Monday, July 02, 2007

Gentle wind in Abuja

One more thing to be thankful for this blessed day! It is July 1st, a very joyous month indeed. Not only is it the first day of the week, it is also the first day of the seventh month and the first day of the second half of the year. How time flies you will say! Now is yet another opportunity for us to reflect and evaluate these past months and re-organise all that need to be adjusted in our lives.

A change of environment can also help you in achieving this… Travel to get a bit of fresh air into your lungs. Well, that was what I did. It is not that there is no fresh air in Lagos but I am one of those that got depressed by the aftermath of the strike. To put it in more practical words, I didn’t like the angry faces I saw around me each time I tried boarding public transport.

The uncompassionate way the ‘Danfo’ drivers and conductors flared up the already expensive local transport fare was one thing I could not condone. But since I was just an ordinary commuter myself, there was nothing I could do than to watch on in silence and listen quietly to others scream about the injustice. That didn’t help though; listening to the complaints of others without being able to do anything to change things can be as depressing as being in the helpless situation yourself.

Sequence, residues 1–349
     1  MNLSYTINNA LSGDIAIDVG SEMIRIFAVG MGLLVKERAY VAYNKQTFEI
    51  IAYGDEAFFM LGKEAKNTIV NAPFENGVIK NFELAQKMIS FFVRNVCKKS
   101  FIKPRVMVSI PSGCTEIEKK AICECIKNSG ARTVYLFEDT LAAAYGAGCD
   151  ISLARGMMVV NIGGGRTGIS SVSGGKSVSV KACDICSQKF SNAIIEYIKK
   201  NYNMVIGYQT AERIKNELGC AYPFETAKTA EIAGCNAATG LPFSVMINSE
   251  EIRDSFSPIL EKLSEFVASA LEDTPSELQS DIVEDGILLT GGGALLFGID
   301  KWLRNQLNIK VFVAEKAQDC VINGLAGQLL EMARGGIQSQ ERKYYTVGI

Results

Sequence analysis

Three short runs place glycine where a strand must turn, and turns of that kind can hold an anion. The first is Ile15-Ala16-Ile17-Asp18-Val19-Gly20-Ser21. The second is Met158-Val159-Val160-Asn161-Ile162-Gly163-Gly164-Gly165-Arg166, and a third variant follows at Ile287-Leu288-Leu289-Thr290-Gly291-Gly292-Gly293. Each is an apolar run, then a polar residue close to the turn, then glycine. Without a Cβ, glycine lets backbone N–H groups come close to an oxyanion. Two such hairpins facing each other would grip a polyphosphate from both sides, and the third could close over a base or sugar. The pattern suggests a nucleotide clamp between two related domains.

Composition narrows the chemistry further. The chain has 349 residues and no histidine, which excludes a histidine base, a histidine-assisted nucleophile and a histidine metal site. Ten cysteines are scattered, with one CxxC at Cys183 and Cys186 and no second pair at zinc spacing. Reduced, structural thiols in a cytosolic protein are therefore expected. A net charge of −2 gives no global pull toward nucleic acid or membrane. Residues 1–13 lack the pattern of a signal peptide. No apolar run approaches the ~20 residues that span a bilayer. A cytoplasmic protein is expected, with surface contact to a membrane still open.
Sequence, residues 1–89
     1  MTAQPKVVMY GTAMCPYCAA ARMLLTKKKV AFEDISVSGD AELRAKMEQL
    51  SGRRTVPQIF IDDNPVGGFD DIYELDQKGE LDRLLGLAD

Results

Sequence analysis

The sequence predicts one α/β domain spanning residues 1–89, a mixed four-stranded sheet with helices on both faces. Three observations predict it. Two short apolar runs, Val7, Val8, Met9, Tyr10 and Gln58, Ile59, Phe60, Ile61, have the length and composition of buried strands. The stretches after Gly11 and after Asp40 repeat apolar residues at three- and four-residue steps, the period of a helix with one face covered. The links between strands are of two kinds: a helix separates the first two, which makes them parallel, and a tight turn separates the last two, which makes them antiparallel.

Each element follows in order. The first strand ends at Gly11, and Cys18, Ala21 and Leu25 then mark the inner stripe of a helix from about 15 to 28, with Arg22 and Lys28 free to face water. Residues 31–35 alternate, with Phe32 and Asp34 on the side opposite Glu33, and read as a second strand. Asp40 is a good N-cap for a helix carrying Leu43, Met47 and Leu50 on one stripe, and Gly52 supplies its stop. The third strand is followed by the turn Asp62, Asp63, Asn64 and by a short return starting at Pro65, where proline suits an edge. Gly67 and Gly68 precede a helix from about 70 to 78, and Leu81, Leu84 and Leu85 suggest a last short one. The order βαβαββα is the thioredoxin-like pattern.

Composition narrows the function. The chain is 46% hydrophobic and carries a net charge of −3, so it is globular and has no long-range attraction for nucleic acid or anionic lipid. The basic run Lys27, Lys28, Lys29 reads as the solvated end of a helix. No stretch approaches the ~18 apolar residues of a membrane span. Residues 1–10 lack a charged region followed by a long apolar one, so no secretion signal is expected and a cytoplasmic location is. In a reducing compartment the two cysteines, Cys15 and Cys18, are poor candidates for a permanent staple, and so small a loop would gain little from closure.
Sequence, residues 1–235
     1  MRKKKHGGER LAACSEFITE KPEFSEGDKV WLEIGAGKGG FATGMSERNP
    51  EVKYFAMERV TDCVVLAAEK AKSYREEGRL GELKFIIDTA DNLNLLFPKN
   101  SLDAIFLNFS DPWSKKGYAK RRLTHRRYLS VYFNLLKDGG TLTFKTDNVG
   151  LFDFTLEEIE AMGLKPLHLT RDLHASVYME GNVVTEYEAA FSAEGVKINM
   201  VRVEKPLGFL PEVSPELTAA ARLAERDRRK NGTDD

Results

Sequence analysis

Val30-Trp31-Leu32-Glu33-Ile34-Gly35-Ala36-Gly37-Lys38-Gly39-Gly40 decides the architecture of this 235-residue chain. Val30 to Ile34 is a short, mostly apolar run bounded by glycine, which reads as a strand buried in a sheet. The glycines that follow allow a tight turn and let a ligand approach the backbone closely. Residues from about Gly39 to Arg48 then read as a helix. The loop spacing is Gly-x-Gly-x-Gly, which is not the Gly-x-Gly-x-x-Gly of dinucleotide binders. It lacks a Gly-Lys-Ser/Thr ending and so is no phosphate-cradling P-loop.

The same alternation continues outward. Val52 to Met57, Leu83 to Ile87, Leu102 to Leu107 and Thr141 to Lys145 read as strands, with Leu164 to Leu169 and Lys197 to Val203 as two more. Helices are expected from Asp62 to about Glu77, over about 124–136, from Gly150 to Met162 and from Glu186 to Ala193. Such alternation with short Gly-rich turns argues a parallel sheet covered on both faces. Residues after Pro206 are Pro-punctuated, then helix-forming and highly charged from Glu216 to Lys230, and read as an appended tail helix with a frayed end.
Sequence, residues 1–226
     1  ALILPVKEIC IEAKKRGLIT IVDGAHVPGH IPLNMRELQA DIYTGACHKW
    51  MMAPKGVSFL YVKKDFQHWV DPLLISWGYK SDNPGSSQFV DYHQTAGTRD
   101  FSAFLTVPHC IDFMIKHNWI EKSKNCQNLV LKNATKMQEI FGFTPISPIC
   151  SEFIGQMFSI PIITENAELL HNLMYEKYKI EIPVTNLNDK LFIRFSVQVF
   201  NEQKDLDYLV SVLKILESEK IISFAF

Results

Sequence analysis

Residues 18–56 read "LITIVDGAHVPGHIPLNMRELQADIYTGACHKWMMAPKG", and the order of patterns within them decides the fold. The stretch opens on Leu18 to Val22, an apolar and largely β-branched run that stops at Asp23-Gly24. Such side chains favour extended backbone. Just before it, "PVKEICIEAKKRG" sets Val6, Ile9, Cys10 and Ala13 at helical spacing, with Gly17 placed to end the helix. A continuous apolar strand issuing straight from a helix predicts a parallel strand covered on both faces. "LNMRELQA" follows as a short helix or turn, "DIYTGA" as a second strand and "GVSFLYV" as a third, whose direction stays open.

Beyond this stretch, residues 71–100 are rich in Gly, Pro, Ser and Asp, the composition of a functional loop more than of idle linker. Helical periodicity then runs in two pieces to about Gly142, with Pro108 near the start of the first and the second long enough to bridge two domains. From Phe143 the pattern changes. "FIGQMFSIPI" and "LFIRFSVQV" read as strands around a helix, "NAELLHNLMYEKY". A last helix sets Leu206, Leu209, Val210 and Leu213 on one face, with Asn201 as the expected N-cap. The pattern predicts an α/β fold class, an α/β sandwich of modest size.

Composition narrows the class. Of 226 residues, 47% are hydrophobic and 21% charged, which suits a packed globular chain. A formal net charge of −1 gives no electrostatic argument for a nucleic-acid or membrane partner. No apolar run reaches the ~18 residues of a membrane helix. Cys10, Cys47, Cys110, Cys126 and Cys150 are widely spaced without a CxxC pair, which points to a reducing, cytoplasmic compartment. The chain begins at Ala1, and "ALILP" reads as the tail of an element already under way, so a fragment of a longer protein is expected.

So, here I am in Abuja . Spending the rest of my holiday and recuperating for the days ahead in Lagos . The interesting thing about this is having the chance to experience the effect of the strike on two extremely different part of Nigeria . So I asked around, looked around and came to a conclusion: Abuja was certainly not as shaken as Lagos was by the strike. What did you expect? The town dey kampe. After all, it is our capital city!

Don’t get me wrong, there are long queues in fuel stations, things are expensive, including transportation but on a sensible note. While Lagos seems to be on fire (not literarily), Abuja is all calm…a good feel of gentle breeze blowing through the town. If Lagos gets as calm as Abuja is, then Lagos will stop being Lagos , the chaos is part of its beauty but it is a smiling chaos.

The most regrettable thing about the strike was days of wasted opportunities that turned out to be a big blow on our educational, political, social and economic sector at all levels. The religious sector was affected, but positively, at least, more people turned out to pray for Nigeria and for the strike to happen never again. Righteousness should be a lifestyle for all Nigerians and we will have fewer things to worry about.

Like always, life must go on. Like they say, Nigerians have got a good surviving spirit. It does not matter which way the world turns this remaining half of the year, we must keep our vision clear and stay focus to achieve the goals we set out at the beginning. Explore opportunities, leave your comfort zone if you must but stay on the right path and see your value appreciated. We are survivals and we will eat the good of this land called Nigeria .

No comments: